The Short Stories

2 Preface


The uniqueness of Indian Literature lies in the fact that while we may talk of it as one single entity yet it comprises of a myriad literatures coming from different geographical regions and written in different languages. At the same time they all belong to the same country. Diversity and oneness thus go hand in hand. To make an attempt to read and understand this vast literature poses a unique problem therefore, since one is not necessarily well versed in all Indian languages. An exercise in translation however, can make that body of literature available to us. The six Indian short story writers whose works have been selected for your course this year also come from various regions of India and excepting R K Narayan they all write in different Indian languages. The stories therefore come to you as translated versions of the original.Beginning with Premchand, the great stalwart of Hindi literature, going on to R K Narayan, Basheer Manto,Ismat Chughtai and Ambai these writers and their stories make apparent the wide range of themes, style, form, technique and character of this unique literature. Various scholars and critics have written on these writers and you will find their ideas included in the ensuing analysis of the prescribed stories.

The first chapter of this study material introduces you to the genre of the short story and traces its growth from the beginnings in the oral tradition to its present popular form. An important section of this chapter highlights the things we have to look for in a short story and thus introduces you to various techniques at play. The second chapter focuses on the short story in the Indian context and attempts a broad overview of how the short story developed in the various regions of India and what were the major concerns and how these underwent a change with the passage of time to include new themes and issues being generated by political, social and historical changes. The chapters subsequent to the first two bring you a detailed analysis of the individual stories along with an introduction to the writer and his/her milieu.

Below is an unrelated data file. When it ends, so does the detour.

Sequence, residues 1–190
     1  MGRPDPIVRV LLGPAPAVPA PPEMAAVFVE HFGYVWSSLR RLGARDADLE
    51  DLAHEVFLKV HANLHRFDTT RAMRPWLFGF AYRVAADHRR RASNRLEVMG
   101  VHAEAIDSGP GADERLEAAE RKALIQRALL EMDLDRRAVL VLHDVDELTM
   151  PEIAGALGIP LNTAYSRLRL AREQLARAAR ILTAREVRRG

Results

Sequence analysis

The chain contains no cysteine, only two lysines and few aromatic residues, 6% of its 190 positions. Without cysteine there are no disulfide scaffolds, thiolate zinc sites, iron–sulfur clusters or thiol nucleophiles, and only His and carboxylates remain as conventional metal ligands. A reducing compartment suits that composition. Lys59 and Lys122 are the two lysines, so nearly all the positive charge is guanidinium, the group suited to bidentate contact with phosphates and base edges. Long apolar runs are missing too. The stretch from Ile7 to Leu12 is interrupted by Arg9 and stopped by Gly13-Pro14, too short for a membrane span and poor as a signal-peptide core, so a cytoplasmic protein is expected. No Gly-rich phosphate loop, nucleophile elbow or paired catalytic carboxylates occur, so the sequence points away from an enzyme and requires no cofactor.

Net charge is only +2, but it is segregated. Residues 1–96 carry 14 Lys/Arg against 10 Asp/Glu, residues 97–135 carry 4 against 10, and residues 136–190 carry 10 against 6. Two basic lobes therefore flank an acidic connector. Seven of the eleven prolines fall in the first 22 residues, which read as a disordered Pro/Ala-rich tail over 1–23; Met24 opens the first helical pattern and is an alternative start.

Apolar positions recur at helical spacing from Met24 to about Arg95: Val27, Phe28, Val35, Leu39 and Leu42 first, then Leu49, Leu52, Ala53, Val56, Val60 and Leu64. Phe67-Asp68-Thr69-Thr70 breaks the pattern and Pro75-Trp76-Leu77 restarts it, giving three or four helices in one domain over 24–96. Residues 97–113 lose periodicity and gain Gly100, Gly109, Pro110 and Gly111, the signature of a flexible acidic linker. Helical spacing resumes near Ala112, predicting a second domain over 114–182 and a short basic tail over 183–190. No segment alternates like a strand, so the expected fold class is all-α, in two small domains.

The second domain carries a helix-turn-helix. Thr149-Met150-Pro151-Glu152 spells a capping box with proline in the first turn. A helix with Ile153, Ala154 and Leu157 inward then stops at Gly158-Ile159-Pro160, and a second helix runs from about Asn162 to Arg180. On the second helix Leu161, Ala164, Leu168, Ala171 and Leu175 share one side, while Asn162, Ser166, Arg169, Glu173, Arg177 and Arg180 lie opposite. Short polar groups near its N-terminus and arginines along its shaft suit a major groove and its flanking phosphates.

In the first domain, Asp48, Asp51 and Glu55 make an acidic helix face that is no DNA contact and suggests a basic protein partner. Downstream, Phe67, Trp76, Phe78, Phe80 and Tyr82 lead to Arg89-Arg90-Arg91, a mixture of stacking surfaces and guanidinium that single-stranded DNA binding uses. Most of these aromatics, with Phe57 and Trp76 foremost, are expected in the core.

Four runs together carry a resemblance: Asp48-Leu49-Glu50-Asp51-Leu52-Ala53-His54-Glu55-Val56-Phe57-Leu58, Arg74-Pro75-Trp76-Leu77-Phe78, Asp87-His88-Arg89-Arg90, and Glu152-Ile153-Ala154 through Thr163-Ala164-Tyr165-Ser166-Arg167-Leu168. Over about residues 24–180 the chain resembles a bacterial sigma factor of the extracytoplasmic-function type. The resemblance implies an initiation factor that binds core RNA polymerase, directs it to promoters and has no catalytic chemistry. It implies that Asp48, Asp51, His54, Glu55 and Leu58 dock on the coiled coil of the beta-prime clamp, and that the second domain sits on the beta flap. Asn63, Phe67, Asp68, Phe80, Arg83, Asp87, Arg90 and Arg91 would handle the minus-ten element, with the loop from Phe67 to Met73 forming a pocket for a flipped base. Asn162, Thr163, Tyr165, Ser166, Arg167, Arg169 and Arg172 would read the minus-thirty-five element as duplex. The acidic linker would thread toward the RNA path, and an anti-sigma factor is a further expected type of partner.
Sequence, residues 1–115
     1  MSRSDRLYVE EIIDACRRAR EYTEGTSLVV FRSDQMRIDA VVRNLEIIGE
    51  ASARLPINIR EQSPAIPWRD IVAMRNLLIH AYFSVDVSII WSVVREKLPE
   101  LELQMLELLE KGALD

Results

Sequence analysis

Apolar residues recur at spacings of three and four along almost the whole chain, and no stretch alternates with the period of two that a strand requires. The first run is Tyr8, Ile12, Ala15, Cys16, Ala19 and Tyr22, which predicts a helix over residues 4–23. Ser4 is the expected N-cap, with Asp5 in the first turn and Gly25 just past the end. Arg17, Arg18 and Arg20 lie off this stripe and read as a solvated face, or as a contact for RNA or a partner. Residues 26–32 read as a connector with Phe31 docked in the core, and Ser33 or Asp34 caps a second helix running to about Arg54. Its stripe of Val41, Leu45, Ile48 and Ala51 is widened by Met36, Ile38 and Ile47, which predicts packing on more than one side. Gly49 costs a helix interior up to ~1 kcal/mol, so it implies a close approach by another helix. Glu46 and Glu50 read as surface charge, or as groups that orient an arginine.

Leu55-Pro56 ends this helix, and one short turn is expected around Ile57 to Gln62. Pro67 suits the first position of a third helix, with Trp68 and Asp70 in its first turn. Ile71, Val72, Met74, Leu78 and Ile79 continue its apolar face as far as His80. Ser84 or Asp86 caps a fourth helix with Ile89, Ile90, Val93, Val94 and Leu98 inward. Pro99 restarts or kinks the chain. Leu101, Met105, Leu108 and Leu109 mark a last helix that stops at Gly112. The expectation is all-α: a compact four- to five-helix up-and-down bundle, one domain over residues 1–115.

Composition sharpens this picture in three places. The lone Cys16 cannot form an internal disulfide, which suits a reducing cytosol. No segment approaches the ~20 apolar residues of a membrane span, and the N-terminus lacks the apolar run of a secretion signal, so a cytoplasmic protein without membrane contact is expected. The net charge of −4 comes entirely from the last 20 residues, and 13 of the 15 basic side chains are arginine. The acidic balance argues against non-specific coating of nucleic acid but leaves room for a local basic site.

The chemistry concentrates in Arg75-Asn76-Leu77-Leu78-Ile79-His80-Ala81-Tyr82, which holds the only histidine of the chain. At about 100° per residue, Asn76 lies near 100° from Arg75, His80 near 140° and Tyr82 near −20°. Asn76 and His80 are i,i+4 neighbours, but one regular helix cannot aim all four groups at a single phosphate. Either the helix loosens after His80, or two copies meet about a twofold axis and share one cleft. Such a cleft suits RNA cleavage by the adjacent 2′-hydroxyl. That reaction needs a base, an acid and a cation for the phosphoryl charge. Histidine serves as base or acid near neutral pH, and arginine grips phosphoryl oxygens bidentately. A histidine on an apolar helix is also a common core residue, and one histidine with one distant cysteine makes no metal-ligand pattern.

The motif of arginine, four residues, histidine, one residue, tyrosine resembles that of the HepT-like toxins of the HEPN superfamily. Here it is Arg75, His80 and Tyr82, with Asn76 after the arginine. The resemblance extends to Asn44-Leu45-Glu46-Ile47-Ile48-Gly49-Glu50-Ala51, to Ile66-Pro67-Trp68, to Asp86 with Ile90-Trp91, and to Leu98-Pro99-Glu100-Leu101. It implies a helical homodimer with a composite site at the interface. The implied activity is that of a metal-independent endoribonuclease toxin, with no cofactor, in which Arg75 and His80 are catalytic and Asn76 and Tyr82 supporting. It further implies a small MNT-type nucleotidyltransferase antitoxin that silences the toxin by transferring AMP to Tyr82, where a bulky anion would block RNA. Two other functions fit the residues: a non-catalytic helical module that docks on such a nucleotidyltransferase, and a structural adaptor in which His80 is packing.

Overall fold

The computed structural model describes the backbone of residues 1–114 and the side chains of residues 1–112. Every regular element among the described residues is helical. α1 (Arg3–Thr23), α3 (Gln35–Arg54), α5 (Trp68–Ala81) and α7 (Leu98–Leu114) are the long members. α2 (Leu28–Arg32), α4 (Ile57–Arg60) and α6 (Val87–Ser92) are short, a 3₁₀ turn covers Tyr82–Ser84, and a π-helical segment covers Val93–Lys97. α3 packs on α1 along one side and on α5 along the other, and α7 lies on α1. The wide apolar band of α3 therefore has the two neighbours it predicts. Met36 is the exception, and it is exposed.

There are any numbers of books and articles available which provide information on the genre of the short story, on the story in the Indian context and also on the individual writers and their works.Those that proved helpful in the preparation of this study material, however, are either mentioned in the course of the writing or are included in Appendix II with a detailed bibliographical listing. If you are interested in reading further in this area then this list of suggested books would facilitate your efforts.

As you have to read a translated version of these stories it would be advisable if you use a reliable translation. The one recommended for your course is the Anthology brought out by the Oxford University Press titled Modern Indian Literature: Poems and Short Stories. This Anthology includes all the prescribed poems and short stories and the same come to you with useful annotations.

Dr. Neeta Gupta

Department of English